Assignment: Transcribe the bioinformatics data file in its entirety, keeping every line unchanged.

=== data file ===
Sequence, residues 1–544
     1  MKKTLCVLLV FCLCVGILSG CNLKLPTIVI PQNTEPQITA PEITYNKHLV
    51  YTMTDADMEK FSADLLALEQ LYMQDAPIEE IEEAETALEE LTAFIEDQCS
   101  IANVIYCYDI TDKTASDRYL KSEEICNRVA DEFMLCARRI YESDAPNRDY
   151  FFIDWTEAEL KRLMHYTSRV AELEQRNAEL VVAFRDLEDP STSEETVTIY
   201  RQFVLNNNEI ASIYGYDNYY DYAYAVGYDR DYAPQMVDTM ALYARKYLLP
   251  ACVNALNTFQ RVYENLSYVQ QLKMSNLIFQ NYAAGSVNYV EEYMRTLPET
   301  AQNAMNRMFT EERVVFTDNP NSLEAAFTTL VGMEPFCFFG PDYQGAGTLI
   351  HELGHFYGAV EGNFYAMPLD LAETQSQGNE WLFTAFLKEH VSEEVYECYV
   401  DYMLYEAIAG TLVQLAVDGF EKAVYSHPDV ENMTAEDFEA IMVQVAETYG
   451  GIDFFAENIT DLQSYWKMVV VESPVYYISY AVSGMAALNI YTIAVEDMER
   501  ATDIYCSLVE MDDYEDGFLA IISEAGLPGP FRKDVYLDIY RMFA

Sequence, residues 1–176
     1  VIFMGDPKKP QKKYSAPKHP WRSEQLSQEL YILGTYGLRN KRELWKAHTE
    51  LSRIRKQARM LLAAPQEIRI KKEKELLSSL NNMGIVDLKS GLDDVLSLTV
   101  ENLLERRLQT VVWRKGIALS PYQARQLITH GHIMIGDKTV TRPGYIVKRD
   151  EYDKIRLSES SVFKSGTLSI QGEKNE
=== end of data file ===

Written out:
Sequence, residues 1–544
     1  MKKTLCVLLV FCLCVGILSG CNLKLPTIVI PQNTEPQITA PEITYNKHLV
    51  YTMTDADMEK FSADLLALEQ LYMQDAPIEE IEEAETALEE LTAFIEDQCS
   101  IANVIYCYDI TDKTASDRYL KSEEICNRVA DEFMLCARRI YESDAPNRDY
   151  FFIDWTEAEL KRLMHYTSRV AELEQRNAEL VVAFRDLEDP STSEETVTIY
   201  RQFVLNNNEI ASIYGYDNYY DYAYAVGYDR DYAPQMVDTM ALYARKYLLP
   251  ACVNALNTFQ RVYENLSYVQ QLKMSNLIFQ NYAAGSVNYV EEYMRTLPET
   301  AQNAMNRMFT EERVVFTDNP NSLEAAFTTL VGMEPFCFFG PDYQGAGTLI
   351  HELGHFYGAV EGNFYAMPLD LAETQSQGNE WLFTAFLKEH VSEEVYECYV
   401  DYMLYEAIAG TLVQLAVDGF EKAVYSHPDV ENMTAEDFEA IMVQVAETYG
   451  GIDFFAENIT DLQSYWKMVV VESPVYYISY AVSGMAALNI YTIAVEDMER
   501  ATDIYCSLVE MDDYEDGFLA IISEAGLPGP FRKDVYLDIY RMFA

Sequence, residues 1–176
     1  VIFMGDPKKP QKKYSAPKHP WRSEQLSQEL YILGTYGLRN KRELWKAHTE
    51  LSRIRKQARM LLAAPQEIRI KKEKELLSSL NNMGIVDLKS GLDDVLSLTV
   101  ENLLERRLQT VVWRKGIALS PYQARQLITH GHIMIGDKTV TRPGYIVKRD
   151  EYDKIRLSES SVFKSGTLSI QGEKNE